Black Leaders Boycott over State Flag, as Outrage at Karl Oliver Lingers | Jackson Free Press | Jackson, MS

Black Leaders Boycott over State Flag, as Outrage at Karl Oliver Lingers

The Mississippi Legislative Black Caucus still plans to boycott the Southern Legislative Conference, which the state is hosting and House Speaker Philip Gunn chairs, in protest over the state flag.

The Mississippi Legislative Black Caucus still plans to boycott the Southern Legislative Conference, which the state is hosting and House Speaker Philip Gunn chairs, in protest over the state flag. Photo by Imani Khayyam.

— Most Republican leaders have distanced themselves from Rep. Karl Oliver, R-Winona, who made national headlines for a Facebook post that called for the lynching of leaders in Louisiana who support the removal of Confederate monuments, but the fight to change the state flag continues.

Oliver's Monday apology was not good enough for the Mississippi Legislative Black Caucus. The group called for Oliver's resignation following his Facebook post, saying Oliver's statement and the Confederate symbol on the state flag "go hand-in-hand in sending the message that all are not welcome."

"Changing the flag is a direct action moving in the right direction as a collective body, and it is the right thing to do. An apology is just mere protocol; it is not enough," the MLBC statement said. "If these comments are truly not the mindset of the body, change the flag and demand the resignation of Karl Oliver."

Gov. Bryant Proclaims Confederate Heritage Month

The Jackson Free Press revealed to the world in February 2016 that Gov. Bryant had declared April "Confederate Heritage Month," but with no mention of slavery.

The MLBC announced early in May that it would boycott the Southern Legislative Conference due to the state flag. The conference is in Biloxi this summer, and House Speaker Philip Gunn, R-Clinton, is the 2016-2017 chairman of the SLC. The Mississippi Legislative Black Caucus called on other African American lawmakers to consider not attending the conference to support the struggle.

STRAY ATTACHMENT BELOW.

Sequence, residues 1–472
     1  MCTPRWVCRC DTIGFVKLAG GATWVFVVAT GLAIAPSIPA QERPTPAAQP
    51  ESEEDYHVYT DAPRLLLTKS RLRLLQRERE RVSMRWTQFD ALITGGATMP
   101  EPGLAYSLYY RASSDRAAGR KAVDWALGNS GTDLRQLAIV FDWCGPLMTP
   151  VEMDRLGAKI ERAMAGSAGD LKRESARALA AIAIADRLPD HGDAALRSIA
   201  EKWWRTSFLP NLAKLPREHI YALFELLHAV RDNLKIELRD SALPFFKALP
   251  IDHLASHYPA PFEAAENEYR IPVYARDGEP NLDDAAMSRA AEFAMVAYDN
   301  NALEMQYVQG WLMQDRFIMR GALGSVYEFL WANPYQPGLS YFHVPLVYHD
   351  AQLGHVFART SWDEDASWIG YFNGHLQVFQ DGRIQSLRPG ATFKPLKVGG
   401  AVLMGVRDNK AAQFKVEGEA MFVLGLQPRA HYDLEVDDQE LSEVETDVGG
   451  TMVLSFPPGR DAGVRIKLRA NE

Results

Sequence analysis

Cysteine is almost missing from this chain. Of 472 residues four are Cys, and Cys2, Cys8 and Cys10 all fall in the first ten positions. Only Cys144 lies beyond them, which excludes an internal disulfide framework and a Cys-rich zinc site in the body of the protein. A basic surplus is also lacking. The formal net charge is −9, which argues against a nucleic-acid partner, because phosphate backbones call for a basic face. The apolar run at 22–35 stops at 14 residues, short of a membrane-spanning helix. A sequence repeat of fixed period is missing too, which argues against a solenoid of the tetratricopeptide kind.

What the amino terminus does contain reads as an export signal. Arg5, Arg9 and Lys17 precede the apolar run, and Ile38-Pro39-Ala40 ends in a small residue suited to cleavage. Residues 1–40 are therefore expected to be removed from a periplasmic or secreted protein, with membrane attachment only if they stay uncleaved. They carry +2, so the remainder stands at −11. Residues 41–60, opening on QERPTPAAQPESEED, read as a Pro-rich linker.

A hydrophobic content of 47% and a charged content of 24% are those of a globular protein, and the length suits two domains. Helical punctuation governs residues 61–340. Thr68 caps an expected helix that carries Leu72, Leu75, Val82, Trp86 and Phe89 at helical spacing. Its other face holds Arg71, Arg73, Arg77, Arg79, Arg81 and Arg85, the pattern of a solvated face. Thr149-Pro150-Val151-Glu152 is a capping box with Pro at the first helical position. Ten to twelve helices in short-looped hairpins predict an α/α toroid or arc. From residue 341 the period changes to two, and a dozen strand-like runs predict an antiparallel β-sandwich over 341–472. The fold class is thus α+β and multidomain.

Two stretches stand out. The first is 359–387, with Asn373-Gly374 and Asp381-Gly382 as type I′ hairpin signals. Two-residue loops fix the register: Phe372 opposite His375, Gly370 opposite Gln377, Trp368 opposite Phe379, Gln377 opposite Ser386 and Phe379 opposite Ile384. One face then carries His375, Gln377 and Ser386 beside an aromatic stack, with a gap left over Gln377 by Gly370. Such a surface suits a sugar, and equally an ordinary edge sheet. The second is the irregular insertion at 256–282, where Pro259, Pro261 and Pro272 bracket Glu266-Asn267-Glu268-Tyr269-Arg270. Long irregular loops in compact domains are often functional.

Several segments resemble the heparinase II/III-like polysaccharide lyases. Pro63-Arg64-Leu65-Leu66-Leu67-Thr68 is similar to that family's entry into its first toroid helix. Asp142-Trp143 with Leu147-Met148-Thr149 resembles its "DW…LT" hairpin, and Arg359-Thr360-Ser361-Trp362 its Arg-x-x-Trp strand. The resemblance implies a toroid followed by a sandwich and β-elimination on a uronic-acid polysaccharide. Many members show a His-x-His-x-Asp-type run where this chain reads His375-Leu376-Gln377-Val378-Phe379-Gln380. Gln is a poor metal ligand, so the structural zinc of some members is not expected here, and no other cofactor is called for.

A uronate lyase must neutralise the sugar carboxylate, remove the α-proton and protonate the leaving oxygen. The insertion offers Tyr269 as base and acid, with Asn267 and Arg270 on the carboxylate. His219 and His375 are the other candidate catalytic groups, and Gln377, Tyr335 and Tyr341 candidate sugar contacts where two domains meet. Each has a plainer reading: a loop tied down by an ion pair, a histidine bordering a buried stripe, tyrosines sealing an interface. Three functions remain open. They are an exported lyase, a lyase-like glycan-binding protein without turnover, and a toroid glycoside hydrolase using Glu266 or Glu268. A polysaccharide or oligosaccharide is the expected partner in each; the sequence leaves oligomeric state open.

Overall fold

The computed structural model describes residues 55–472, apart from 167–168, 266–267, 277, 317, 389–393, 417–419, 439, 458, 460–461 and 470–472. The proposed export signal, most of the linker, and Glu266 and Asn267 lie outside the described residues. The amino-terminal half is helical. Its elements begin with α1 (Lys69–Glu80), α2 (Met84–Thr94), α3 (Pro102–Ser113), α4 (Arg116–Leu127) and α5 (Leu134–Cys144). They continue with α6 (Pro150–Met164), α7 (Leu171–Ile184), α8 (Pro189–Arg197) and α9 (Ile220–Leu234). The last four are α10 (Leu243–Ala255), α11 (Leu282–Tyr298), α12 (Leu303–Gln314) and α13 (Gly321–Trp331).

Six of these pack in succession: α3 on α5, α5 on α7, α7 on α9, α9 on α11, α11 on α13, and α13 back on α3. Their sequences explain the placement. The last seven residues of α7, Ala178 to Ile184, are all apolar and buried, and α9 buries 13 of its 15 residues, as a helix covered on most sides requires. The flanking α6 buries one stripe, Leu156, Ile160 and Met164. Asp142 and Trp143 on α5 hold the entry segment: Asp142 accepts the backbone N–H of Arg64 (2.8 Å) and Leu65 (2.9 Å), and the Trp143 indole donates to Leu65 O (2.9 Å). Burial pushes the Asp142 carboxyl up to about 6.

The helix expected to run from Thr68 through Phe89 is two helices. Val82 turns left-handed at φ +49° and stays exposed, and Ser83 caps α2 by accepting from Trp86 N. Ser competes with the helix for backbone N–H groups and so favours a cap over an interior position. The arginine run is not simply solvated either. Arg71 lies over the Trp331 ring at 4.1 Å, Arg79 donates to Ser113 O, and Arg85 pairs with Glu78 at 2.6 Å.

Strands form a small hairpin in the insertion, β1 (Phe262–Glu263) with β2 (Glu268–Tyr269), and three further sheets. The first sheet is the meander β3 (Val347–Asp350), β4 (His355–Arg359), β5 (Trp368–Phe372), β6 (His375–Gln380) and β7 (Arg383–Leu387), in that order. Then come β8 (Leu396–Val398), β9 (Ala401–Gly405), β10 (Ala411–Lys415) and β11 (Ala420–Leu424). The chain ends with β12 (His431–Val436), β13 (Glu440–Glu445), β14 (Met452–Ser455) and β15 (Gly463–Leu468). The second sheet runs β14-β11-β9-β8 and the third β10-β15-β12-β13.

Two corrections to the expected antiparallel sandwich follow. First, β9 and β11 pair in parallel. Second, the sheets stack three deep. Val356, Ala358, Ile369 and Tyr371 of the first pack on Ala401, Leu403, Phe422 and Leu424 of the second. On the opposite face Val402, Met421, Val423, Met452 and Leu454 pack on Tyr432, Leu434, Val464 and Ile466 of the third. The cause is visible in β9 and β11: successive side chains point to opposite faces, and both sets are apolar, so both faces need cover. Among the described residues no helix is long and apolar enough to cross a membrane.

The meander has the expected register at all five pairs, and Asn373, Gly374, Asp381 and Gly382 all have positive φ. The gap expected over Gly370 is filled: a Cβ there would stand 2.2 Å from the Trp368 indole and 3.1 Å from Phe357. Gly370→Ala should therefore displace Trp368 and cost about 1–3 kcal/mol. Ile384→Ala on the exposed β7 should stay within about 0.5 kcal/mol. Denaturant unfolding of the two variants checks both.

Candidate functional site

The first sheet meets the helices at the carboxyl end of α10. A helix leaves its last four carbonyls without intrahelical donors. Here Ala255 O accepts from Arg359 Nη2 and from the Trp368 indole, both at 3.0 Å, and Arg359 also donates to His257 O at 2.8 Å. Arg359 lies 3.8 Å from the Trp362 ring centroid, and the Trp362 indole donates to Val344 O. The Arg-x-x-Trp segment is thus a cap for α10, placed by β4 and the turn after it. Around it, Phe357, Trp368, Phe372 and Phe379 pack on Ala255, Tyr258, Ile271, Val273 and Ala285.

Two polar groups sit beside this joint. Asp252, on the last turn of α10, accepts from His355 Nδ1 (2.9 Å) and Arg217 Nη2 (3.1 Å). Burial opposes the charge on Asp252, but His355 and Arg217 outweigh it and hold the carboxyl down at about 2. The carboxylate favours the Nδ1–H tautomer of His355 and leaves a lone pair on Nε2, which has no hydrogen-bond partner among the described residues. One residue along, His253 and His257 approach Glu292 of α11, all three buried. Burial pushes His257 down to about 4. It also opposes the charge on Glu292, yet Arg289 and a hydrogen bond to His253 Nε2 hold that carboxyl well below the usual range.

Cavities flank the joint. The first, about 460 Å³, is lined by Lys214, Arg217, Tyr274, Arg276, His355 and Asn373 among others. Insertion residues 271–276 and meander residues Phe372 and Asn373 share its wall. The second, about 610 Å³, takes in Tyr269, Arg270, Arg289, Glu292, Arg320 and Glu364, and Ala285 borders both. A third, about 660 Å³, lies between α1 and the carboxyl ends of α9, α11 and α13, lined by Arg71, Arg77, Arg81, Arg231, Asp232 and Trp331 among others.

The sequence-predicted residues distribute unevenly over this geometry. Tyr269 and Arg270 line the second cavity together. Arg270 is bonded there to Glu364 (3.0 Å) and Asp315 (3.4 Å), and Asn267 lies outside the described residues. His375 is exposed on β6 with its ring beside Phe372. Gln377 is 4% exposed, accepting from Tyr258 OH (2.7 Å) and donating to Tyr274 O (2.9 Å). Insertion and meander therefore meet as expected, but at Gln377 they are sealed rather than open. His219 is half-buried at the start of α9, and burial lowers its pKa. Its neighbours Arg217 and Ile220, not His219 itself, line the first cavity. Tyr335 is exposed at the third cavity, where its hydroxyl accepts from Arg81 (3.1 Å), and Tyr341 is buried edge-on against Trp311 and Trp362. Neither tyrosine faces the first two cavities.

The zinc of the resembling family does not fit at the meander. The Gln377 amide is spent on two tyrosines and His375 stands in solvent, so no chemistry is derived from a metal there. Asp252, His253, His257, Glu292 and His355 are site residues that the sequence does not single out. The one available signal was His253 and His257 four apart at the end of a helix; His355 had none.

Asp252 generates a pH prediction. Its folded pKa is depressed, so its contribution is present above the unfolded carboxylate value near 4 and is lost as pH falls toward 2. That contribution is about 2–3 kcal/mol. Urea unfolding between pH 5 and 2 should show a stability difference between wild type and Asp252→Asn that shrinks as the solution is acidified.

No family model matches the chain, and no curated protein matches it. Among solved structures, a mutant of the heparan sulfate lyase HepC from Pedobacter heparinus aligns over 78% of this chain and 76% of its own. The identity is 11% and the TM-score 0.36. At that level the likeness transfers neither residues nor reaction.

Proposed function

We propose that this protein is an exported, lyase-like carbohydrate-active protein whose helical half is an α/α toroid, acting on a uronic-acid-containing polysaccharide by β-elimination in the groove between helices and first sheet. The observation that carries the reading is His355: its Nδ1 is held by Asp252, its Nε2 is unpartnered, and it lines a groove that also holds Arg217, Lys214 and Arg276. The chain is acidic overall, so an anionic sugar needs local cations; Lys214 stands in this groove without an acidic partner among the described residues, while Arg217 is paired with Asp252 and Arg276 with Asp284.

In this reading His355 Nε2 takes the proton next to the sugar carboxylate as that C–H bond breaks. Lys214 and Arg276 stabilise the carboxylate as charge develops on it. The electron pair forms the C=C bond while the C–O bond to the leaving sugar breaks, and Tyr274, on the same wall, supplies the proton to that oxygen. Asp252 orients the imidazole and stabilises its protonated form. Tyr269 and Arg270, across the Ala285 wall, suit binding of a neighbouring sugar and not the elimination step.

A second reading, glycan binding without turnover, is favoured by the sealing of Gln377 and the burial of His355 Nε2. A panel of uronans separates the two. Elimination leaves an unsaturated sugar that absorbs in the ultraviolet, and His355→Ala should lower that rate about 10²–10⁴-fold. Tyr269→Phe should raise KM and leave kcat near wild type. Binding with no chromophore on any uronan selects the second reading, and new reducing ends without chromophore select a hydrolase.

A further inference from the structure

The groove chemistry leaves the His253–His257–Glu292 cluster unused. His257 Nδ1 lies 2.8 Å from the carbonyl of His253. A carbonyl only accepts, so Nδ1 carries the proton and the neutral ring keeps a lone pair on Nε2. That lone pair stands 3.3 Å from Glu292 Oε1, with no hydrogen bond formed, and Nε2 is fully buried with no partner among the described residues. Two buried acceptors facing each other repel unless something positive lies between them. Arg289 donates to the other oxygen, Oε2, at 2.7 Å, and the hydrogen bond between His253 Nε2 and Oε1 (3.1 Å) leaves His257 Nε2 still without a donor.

"We've received calls from legislators from Georgia, South Carolina, Alabama, Louisiana, Tennessee, all stating that they don't plan to come, and they are standing with us in our efforts to change the state flag," Rep. Sonya Williams-Barnes, chairwoman of the MLBC, told the Jackson Free Press.

Southern Legislative Conference covers 15 states: Alabama, Arkansas, Florida, Georgia, Kentucky, Louisiana, Mississippi, Missouri, North Carolina, Oklahoma, South Carolina, Tennessee, Texas, Virginia and West Virginia.

Gunn, who has said publicly that the state flag should change, told reporters Monday that he continues to have discussions with leaders from the caucus to convince them to attend the conference.

"I am the only Republican leader who has come out, I think, at least as vocal as I've been, about changing the flag, and my hope would be that, you know, they would say, 'We're coming because you are the one who said you were going to change the flag, not we're not coming because you were the one who said you'd change the flag,'" Gunn said at the Stennis Capitol Press Forum on Monday.

Mississippi Flag: A Symbol of Hate or Reconciliation?

The Mississippi Sons of Confederate Veterans are fighting hard to keep the state flag to honor the Confederacy. Others are fighting back.

The Mississippi flag debate flared in the latest legislative session, when Rep. William Shirley, R-Quitman, added an amendment to a public university bond bill that would require public colleges in the state to fly the state flag to receive state funds. The amendment passed by one vote, but the bill died.

When Shirley introduced the amendment on another bill, his attempt was thwarted again. Eventually, he took the podium for a point of order and, saying nothing, waved a miniature white flag in apparent surrender, although he would not talk to reporters afterward to confirm what his gesture meant.

Gunn reiterated this week that he has been in favor of changing the state flag for two years, but said he does not have the votes to pass a bill to do it.

"There weren't enough votes on either side to do anything... (But) we're not in session right now," Gunn said at the Stennis Capitol Press Forum. "There's nothing we can do right now, and the governor is not going to put it in a special-session call, so you know, there's just nothing that can be done for a moment in the way of taking any official action."

The Mississippi Legislative Black Caucus has said its boycott is not an attack on the speaker or the Southern Legislative Conference. "We are using SLC as an opportunity to bring attention that Mississippi still holds a flag that embeds the Confederate emblem," the May 1 press release from MLBC says.

Biloxi, where the SLC is scheduled for late July, is having its own flag debate after Mayor Andrew "FoFo" Gilich ordered the state flag removed from all of that city's facilities. This week, the city council there voted 6-1 in favor of asking Attorney General Jim Hood to weigh in on the flag issue, the Sun Herald reported.

Read more about the state flag debate and Confederate history at jfp.ms/slavery.

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